“I learnt a lot about building the film language of The Plastic House and trying to mimic the meditative experience of working in a greenhouse; by using long takes and sound design made up of natural sounds recorded on location,” says Chhorn.

The film is almost entirely without dialogue. In silence and the natural sounds of wind and rain, we can still feel the love for family and care in the work being done.

The Plastic House, filmed over four years entirely by Chhorn on her family farm in South Australia, is a reflection on the ordinariness of life, the simplicity of planting, tending, persistence and decay until the cycle begins again.

 
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Charter

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The Swedish feature film Charter starts with a night time distress call from a child. It’s Alice’s 9-year-old son on the phone and he’s crying incoherently. What would you do? As his mother, Alice must investigate, especially when her son and teenage daughter are living with their father pending a custody case. The father holds all the power. He has a well-to-do house, a supportive family, money and the legal system.

Director Amanda Kernell underlines Alice’s relatively disadvantaged position with repeated visuals of Alice isolated in the frame, outside of homes and structures, lost, unmoored. The exteriors are beautifully shot snowy landscapes, adding to the sense of Alice’s exposed vulnerability.

Kernell has been one to watch since her feature Sami Blood won the Grand Jury prize at Sundance in 2017. Described as a ‘uniquely understated coming-of-age story that bucks the conventions of both process and form’, Sami Blood explored ethnic racism in Scandinavia, inspired by Kernell’s own Sami heritage.

In Charter, she has assembled the same team; Director of Photography Sophia Olsson, editor Anders Skov and producer Lars Lindström of Nordisk Film Production. Her new film doesn’t quite have the same deep impact as Kernell’s prize winner, but it’s an astute and sensitive exploration of the complexities of family breakdown.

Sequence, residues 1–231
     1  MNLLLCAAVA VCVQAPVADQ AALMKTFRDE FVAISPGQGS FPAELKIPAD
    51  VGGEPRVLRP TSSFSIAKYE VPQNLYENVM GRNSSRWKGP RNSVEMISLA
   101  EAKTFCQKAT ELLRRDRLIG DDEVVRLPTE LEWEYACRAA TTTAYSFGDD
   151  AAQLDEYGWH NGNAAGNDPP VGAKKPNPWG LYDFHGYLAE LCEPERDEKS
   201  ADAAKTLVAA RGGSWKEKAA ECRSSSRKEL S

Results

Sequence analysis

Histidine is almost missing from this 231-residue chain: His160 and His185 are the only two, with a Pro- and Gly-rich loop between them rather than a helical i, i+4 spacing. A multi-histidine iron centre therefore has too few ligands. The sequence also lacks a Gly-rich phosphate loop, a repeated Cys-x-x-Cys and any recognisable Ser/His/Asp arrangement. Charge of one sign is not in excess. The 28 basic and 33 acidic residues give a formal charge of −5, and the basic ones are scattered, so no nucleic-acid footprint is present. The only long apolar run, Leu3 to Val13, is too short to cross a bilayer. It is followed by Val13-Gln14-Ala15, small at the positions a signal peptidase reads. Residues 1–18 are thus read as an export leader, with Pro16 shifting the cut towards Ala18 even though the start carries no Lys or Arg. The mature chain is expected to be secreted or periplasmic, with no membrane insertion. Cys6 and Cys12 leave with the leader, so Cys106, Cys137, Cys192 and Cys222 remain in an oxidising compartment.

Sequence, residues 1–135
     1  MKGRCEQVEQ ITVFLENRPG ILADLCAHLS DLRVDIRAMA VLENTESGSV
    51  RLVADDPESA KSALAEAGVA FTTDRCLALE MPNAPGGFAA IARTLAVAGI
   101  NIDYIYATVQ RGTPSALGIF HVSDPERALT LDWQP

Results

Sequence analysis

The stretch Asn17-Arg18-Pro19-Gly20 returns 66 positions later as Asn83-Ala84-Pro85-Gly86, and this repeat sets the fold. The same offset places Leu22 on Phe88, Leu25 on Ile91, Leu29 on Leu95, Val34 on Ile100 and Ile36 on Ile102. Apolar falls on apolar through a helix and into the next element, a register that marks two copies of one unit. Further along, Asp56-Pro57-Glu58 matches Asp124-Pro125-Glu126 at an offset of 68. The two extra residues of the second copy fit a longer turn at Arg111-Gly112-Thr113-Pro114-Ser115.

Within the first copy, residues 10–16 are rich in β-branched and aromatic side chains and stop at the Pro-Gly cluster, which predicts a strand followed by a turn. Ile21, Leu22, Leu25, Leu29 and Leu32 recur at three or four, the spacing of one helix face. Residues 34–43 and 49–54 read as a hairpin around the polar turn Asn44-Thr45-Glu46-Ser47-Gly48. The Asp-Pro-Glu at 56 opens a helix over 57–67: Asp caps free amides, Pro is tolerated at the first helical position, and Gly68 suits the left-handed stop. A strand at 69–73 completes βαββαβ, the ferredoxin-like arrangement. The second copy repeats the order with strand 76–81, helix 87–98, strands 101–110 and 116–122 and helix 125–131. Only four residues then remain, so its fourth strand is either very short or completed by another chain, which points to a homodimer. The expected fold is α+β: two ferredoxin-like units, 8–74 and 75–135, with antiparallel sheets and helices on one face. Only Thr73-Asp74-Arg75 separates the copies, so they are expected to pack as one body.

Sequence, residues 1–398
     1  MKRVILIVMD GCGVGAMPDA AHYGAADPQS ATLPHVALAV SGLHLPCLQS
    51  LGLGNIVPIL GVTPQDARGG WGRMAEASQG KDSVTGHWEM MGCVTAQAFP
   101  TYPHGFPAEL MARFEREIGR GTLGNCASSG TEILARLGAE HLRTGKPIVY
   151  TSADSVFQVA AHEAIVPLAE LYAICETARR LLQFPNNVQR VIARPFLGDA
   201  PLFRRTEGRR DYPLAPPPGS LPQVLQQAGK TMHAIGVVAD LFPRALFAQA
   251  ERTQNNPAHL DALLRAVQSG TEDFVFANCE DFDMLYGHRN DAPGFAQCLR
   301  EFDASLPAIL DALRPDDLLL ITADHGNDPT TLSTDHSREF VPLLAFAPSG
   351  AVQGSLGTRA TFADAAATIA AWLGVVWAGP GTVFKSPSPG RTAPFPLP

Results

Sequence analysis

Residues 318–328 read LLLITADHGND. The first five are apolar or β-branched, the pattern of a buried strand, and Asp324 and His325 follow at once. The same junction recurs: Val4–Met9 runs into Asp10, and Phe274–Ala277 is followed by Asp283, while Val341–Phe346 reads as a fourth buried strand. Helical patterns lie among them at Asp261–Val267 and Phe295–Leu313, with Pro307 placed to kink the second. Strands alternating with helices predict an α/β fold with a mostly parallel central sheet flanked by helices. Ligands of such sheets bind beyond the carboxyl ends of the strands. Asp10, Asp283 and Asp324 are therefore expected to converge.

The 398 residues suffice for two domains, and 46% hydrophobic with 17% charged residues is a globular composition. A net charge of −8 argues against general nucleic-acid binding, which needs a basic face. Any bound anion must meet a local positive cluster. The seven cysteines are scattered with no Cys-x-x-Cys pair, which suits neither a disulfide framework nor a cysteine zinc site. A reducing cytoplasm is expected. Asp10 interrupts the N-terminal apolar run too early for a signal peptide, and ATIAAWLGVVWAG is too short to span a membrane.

Our first introduction to the father shows him as a bully. At the same time, we learn that it is Alice who left, but it’s unclear why. Kernell offers no back story. The blanks are filled in as the story unfolds. This is astute story telling that invites us to make our own judgements and assumptions based on what is revealed at each chapter.

As in Sami Blood, the direction is natural, powerfully focused. The kids are great, especially Elina (Tintin Poggats Sarri) as the hostile, complex teen who, like her younger brother, is trying to make sense of the family split, where to lay the blame, how to handle their pain. As Alice, Ane Dahl Torp is charismatic.

The story also explores issues of boundaries and secrets. How far should Alice pry into her daughter’s privacy if she believes it’s for her own safety? The choices she makes are difficult – sometimes she doesn’t go far enough and there’s a stressful scene where she puts one child at risk to save another.

The film is split between two locations that work well as contrasting environments, physical and emotional: the stark and snowy bleakness of Sweden and the semi tropical Canary Islands. Alice takes her kids to a holiday resort, with a tacky tourist aspect to it, where Kernell uses available environments to point up her story. The strength of her characters’ acting pulls it off, though a couple of scenes, like a karaoke night, verge on cheesy.

Mainly, what the film shows is the impossibility of a broken family situation. The car crash has already happened, there’s no fixing it, only each family member somehow pulling together enough resources to move on. The film certainly shows that nobody walks away without scars.

Kernell explained it eloquently in an interview with CineEuropa. “My film is a declaration of love to all divorced parents trying every day to do their best for their children… I want to show that if a person is being judged on their every action, you will inevitably find something that’s not right. No one can pass such a test.”

 
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Women of Steel

Australian, Documentary, Festival, Film Festival, Review, Streaming, Sydney Film Festival, This Week 1 Comment

Filmmaker/steelworker Robynne Murphy’s previous film that appeared at the Sydney Film Festival was Bellbird, way back in 1974. She was part of the first intake to AFTRS’ [Australian Film Television & Radio School] filmmaking course. Women of Steel sees her combine knowledge accumulated in both careers.